Airbus Military wants to boost revenue derived from support services from the current 10 to 15 percent of the total to between 30 and 40 percent during the next five years. It is offering to the customers that are buying the A330 tanker and the A400M airlifter a menu of options that have been developed from training and maintenance contracts for the CN235 and C295 military transport aircraft.
According to the European group, integrated service offerings such as these “demonstrably minimize the life-cycle cost” for the aircraft. The recently opened training center at Seville in southern Spain will offer more than 100 courses per year and full-flight simulators.
“Beyond traditional product support, our first offer is full in-service support [FISS],” explained Philippe Galland, head of customer services. This provides maintenance on and off the aircraft, spares, component repairs and a guarantee of the fleet’s availability. The contract is priced per flight hour, but with some fixed-price options.
In commercial aviation, many airlines have signed up for such deals, and defense/government operators are now following this trend, said Galland. The operator achieves certainty in budgeting, and there are cost benefits when Airbus Military is able to manage a pool of spares for multiple operators. Airbus Military also provides continuous fleet monitoring and up-to-date fleet configuration control. The company has signed up 15 C212, CN235 and C295 operators for FISS, plus the Brazilian and Spanish Air Forces for their P-3 Orions that were upgraded by Airbus Military.
Integrated Support Services
Beyond FISS, the company is offering integrated mission support services (IMSS). This additionally provides fully trained aircrew, plus mission planning, operations support and forward maintenance. The UK Royal Air Force has signed up for IMSS as part of the country’s private finance initiative (PFI) deal to acquire 14 A330MRTTs in the Future Strategic Tanker Aircraft (FSTA) program.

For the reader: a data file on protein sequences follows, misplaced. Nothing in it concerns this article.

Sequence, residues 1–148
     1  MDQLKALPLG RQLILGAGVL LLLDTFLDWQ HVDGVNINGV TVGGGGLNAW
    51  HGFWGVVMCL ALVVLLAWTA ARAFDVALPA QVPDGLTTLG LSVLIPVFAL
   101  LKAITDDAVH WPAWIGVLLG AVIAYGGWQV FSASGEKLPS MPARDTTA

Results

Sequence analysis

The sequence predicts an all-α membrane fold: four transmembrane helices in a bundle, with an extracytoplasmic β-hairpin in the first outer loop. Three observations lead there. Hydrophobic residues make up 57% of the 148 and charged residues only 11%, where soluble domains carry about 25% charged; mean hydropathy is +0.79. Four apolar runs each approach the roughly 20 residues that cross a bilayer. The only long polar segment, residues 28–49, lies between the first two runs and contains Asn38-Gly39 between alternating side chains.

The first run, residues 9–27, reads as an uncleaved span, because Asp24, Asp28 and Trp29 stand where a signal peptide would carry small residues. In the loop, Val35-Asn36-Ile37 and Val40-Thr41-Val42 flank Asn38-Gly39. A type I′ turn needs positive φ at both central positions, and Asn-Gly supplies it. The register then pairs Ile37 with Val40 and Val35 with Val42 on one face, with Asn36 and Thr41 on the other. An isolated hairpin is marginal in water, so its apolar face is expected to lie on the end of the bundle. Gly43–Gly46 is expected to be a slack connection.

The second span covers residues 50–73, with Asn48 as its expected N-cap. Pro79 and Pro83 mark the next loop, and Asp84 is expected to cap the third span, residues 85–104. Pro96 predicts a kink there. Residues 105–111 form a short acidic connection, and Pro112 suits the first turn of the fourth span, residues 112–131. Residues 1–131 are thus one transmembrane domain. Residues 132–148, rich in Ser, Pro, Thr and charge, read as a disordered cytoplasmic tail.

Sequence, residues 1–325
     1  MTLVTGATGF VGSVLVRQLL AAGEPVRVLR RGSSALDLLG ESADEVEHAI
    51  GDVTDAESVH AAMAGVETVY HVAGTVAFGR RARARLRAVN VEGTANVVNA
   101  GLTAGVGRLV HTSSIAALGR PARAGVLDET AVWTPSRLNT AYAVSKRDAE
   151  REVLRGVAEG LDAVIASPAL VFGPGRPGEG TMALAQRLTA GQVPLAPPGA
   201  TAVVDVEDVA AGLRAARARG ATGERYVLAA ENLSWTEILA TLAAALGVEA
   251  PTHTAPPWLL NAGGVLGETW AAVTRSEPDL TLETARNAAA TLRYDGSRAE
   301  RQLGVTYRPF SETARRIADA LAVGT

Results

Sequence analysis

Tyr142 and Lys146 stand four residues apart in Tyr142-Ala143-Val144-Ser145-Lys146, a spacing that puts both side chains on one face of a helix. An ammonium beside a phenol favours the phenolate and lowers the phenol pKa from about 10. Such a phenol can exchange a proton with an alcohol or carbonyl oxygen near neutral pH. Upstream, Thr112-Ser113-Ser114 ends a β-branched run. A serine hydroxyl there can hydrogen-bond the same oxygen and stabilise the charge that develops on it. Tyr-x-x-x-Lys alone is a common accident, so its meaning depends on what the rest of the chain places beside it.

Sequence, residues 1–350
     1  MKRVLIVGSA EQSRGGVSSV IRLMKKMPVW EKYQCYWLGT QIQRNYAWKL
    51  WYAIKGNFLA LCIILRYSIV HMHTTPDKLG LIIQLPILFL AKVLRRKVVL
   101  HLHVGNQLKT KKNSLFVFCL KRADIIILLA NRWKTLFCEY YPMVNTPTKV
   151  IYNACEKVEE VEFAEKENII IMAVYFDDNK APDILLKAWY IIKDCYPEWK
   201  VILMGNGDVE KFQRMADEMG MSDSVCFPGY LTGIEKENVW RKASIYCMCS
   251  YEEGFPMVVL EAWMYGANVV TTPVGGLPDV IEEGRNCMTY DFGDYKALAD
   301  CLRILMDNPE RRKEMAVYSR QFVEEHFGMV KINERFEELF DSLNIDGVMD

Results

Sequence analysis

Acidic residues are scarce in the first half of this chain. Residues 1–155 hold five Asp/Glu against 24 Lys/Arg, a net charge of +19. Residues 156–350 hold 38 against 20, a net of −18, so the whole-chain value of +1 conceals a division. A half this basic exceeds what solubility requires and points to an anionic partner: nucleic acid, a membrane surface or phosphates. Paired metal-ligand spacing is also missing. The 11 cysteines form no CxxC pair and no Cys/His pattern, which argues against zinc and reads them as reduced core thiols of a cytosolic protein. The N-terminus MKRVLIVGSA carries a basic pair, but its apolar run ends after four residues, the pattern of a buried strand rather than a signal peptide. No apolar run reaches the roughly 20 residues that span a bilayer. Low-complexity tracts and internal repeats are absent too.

The aircraft are being supplied through Airtanker Ltd., in which Airbus Military parent company EADS has a 40-percent stake. The IMSS contract for the FSTA is being executed through a second company, AirTanker Services Ltd., in which EADS holds a 28-percent stake. Airbus Military has signed a second IMSS contract with Spanish Customs for the operation of six C212s.
The Royal Australian Air Force (RAAF) is the launch customer for the A330MRTT. Airbus Military has signed a 20-year contract with Qantas Defense Services, which will become the prime training and support contractor to the RAAF. According to Galland, this makes sense because Qantas is an existing operator of A330 airliners.
Prime Contractor for Support
For other customers, Airbus Military could assume the role of prime contractor for support. “We are flexible–whatever is the most efficient arrangement,” Galland added. For instance, to support the A3330MRTTs for the UAE Air Force, the company will act as a subcontractor to the advanced military maintenance, repair and overhaul center (AMROC) that Lockheed Martin and Mubadala are establishing in Abu Dhabi.
For the A400M airlifter, Airbus Military is already committed to supplying various services, with additional options, as part of the launch contract. For the longer term, it is negotiating a contract that is somewhere between the FISS and IMSS models with the air forces of France and the UK, who have agreed to cooperate in supporting their aircraft. “We recognize that the services for each A400M nation must reflect differing operational requirements,” Galland said.
Airbus Military is offering to provide central resources, such as an A400M maintenance center and the training center at Seville. It has submitted national and total training proposals to France and the UK, the latter in cooperation with Thales. Both countries will initially train aircrews in Seville. The company also is expecting a request for proposal from Germany for support services soon, and is in discussion with the other European launch nations.
Last year, Galland’s predecessor, Richard Thompson, said the company aims to achieve airliner-standard dispatch reliability for the A400M–about 98 percent. “This compares with 85 percent for the C-17 and C-130J. We are also prepared to guarantee the number of hours downtime per year, which will be 50 percent that of the C-17,” he added. Thompson has since moved to head up Airbus in the UK.